May 25, 2022

Volume XII, Number 145

Advertisement
Advertisement

May 25, 2022

Subscribe to Latest Legal News and Analysis

May 24, 2022

Subscribe to Latest Legal News and Analysis

May 23, 2022

Subscribe to Latest Legal News and Analysis

Sixth Circuit Clarifies When Statute of Limitations Commences in False Claims Act Whistleblower Retaliation Cases

On January 10, 2022, the Sixth Circuit held in El-Khalil v. Oakwood Healthcare, Inc., 2022 WL 92565 (6th Cir. Jan 10, 2022) that the statute of limitations period for a False Claims Act whistleblower retaliation case commences when the whistleblower is first informed of the retaliatory adverse employment action.

El-Khalil’s False Claims Act Whistleblower Retaliation Claim

While working as a podiatrist at Oakwood Healthcare, El-Khalil saw  employees submit fraudulent Medicare claims, which he reported to the federal government. In 2015, Oakwood’s Medical Executive Committee (MEC) rejected El-Khalil’s application to renew his staff privileges.  After commencing a series of administrative appeals, El-Khalil found himself before Oakwood’s Joint Conference Committee (JCC) on September 22, 2016. The JCC, which had the authority to issue a final, non-appealable decision, voted to affirm the denial of El-Khalil’s staff privileges.  On September 27, 2016, the JCC sent El-Khalil written notice of its decision.

Three years later, on September 27, 2019, El-Khalil sued Oakwood for retaliation under the False Claims Act whistleblower retaliation law.  Oakwood moved for summary dismissal on the basis that the claim was not timely filed in that the JCC’s decision became final when it voted on September 22, 2016 and therefore the filing on September 27, 2019 was outside of the 3-year statute of limitations. The district court granted Oakwood’s motion and El-Khalil appealed.

Sixth Circuit Denies Relief

In affirming the district court, the Sixth Circuit held that the text of the FCA anti-retaliation provision (providing that an action “may not be brought more than 3 years after the date when the retaliation occurred”) is unequivocal that the limitations period commences when the retaliation actually happened. It adopts “the standard rule” that the limitations period begins when the plaintiff “can file suit and obtain relief,” not when the plaintiff discovers the retaliation. The retaliation occurred on September 22 when the JCC voted to affirm the denial of El-Khalil’s staff privileges, and the JCC’s September 27 letter merely memorialized an already final decision.

In addition, the Sixth Circuit held that the False Claims Act’s whistleblower protection provision does not contain a notice provision. As soon as Oakwood “discriminated against” El-Khalil “because of” his FCA-protected conduct, he had a ripe “cause of action triggering the limitations period.” The court noted that if an FCA retaliation plaintiff could show that the employer concealed from the whistleblower the decision to take an adverse action, the whistleblower might be able to avail themself of equitable tolling to halt the ticking of the limitations clock.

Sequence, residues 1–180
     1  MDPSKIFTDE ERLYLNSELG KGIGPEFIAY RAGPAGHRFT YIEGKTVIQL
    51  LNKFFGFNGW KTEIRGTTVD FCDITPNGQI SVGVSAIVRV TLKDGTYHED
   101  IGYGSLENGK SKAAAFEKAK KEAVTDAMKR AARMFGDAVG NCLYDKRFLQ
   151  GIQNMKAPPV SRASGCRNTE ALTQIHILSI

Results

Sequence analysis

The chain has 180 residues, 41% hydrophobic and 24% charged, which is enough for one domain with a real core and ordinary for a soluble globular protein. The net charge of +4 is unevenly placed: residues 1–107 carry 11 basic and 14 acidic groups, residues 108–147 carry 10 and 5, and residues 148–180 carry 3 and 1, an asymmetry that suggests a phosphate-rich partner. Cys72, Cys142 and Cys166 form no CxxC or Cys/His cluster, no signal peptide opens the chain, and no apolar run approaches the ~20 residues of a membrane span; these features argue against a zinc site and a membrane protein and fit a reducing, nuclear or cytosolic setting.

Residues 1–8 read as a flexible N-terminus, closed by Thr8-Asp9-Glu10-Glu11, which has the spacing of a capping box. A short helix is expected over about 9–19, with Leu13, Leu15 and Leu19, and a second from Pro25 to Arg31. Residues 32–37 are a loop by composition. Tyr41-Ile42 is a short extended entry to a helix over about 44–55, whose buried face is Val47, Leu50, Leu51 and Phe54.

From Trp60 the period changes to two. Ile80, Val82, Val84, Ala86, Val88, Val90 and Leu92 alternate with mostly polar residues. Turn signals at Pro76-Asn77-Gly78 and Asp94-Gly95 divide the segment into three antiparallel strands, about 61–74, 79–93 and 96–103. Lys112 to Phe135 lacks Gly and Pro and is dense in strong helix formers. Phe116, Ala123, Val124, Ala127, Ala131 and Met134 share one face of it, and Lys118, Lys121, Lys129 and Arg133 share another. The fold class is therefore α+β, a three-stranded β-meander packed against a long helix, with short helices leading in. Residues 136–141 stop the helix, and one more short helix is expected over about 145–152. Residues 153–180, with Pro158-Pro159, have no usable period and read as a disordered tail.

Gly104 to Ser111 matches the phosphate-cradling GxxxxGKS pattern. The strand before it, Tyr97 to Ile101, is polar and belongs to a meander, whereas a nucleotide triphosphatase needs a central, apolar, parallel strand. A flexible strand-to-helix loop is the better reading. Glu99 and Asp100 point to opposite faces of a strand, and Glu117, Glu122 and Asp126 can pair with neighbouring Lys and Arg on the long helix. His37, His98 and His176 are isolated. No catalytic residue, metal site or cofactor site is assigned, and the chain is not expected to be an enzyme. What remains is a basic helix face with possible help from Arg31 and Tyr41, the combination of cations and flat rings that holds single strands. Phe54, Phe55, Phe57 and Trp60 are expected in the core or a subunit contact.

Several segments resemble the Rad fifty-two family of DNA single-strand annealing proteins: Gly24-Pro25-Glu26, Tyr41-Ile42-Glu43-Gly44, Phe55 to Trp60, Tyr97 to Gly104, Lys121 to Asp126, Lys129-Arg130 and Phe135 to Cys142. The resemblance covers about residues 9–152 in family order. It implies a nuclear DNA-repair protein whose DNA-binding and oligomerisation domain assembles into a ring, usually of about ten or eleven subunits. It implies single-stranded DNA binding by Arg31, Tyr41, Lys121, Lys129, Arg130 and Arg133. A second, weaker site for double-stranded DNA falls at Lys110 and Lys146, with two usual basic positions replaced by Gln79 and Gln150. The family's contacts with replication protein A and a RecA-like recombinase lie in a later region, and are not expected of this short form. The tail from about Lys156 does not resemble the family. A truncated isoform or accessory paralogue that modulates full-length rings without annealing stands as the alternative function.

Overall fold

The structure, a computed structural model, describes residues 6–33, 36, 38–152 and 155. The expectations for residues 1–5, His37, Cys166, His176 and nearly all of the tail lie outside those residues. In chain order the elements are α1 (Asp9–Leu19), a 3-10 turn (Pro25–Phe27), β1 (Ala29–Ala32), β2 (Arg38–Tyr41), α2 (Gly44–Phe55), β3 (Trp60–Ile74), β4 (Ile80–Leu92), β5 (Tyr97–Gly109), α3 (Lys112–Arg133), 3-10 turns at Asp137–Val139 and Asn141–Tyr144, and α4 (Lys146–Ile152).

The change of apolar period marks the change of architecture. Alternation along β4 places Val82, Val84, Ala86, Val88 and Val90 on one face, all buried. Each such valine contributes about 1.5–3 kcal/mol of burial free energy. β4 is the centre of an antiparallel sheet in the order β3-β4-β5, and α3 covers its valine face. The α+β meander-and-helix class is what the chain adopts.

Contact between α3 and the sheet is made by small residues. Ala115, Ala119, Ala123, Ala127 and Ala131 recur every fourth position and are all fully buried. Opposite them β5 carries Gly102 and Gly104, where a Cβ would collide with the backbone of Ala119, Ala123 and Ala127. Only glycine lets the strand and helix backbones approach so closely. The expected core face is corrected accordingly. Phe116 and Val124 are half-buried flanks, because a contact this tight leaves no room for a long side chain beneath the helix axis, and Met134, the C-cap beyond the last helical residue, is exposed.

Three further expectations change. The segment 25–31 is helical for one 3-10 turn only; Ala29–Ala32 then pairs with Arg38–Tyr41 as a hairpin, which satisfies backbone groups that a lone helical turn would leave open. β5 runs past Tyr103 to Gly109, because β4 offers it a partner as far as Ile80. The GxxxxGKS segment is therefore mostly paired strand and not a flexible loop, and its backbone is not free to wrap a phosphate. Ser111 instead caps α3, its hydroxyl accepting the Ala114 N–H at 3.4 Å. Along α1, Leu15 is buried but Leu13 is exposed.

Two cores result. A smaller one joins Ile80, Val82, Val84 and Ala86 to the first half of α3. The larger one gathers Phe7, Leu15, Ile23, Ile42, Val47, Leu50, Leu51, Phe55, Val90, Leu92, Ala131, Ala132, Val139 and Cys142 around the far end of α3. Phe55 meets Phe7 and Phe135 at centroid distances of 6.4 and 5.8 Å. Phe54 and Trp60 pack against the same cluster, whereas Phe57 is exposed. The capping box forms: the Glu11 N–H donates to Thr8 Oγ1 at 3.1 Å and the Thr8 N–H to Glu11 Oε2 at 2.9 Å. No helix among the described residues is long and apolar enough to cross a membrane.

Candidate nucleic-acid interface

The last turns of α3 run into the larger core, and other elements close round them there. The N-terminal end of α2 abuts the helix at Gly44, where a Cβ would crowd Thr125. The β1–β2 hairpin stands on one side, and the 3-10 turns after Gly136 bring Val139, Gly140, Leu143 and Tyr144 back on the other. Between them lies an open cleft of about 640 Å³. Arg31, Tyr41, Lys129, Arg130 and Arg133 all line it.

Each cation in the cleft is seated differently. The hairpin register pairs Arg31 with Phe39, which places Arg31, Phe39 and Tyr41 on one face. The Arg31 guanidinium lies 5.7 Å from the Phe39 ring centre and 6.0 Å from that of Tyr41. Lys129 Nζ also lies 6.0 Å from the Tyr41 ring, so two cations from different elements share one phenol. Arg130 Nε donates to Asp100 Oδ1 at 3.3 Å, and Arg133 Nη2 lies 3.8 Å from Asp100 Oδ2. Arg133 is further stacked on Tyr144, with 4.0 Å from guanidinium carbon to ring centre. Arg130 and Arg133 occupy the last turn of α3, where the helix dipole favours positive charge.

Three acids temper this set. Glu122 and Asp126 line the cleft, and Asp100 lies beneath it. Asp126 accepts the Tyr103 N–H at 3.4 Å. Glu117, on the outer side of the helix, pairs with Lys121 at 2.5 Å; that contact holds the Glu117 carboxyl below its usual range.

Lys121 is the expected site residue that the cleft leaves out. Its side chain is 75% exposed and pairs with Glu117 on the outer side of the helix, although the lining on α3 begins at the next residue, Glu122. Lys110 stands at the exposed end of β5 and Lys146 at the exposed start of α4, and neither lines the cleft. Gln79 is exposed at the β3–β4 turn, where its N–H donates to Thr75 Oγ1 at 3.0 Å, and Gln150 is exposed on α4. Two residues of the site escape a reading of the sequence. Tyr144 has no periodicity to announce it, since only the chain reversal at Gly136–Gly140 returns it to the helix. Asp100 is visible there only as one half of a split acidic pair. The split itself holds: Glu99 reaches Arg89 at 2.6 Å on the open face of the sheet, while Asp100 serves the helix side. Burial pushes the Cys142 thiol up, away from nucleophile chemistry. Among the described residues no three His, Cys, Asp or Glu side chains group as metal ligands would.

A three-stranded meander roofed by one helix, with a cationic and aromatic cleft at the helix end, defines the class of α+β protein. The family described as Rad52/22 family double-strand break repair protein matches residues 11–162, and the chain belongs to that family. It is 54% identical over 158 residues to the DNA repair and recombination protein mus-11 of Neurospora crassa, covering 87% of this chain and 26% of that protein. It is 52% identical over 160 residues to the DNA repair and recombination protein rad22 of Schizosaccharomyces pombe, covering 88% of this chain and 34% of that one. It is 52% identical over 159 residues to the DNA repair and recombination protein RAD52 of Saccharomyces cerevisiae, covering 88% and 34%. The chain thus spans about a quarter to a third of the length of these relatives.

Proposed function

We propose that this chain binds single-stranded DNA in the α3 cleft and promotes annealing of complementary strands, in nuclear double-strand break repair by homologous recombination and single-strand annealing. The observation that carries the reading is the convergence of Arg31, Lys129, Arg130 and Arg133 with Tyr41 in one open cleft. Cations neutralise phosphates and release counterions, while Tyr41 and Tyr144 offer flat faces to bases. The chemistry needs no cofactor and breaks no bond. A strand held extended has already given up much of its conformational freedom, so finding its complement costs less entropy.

Implications for Whistleblowers

Some whistleblower retaliation claims have a short statute of limitations and therefore it is critical to promptly determine when the statute of limitations starts to run.  For most whistleblower retaliation claims that are adjudicated at the U.S. Department of Labor, the clock for filing a complaint begins to tick when the complainant receives unequivocal notice of the adverse action.  Udofot v. NASA/Goddard Space Center, ARB No. 10-027, ALJ No. 2009-CAA-7 (ARB Dec. 20, 2011).  If a notice of termination is ambiguous, the statute of limitations may start to run upon the effective date of the termination as opposed to the notice date.  Certain circumstances may justify equitable modification, such as where:

  1. the employer actively misleads or conceals information such that the employee is prevented from making out a prima facie case;

  2. some extraordinary event prevents the employee from filing on time;

  3. the employee timely files the complaint, but with the wrong agency or forum; or

  4. the employer’s own acts or omissions induce the employee to reasonably forego filing within the limitations period.

See Turin v. AmTrust Financial Svcs., Inc., ARB No. 11-062, ALJ No. 2010-SOX-018 (ARB March 29, 2013).

When assessing the statute of limitations for whistleblower retaliation claims, it is also critical to calculate the deadline to timely file a claim for each discrete adverse action or each act of retaliation.  However, in an action alleging a hostile work environment, retaliatory acts outside the statute of limitations period are actionable where there is an ongoing hostile work environment and at least one of the acts occurred within the statute of limitations period.  And when filing a retaliation claim, the whistleblower should consider pleading untimely acts of retaliation because such facts are relevant background evidence in support of a timely claim.

© 2022 Zuckerman LawNational Law Review, Volume XII, Number 18
Advertisement
Advertisement
Advertisement
Advertisement
Advertisement
Advertisement

About this Author

Jason Zuckerman, Whistleblower Litigation Attorney, Washington DC  Law Firm
Principal

Described by the National Law Journal as a “leading whistleblower attorney,” Jason Zuckerman litigates whistleblower retaliation, whistleblower rewards, wrongful discharge, and other employment-related claims. His practice focuses on representing senior executives and senior professionals in high-stakes...

(202) 262-8959
Advertisement
Advertisement
Advertisement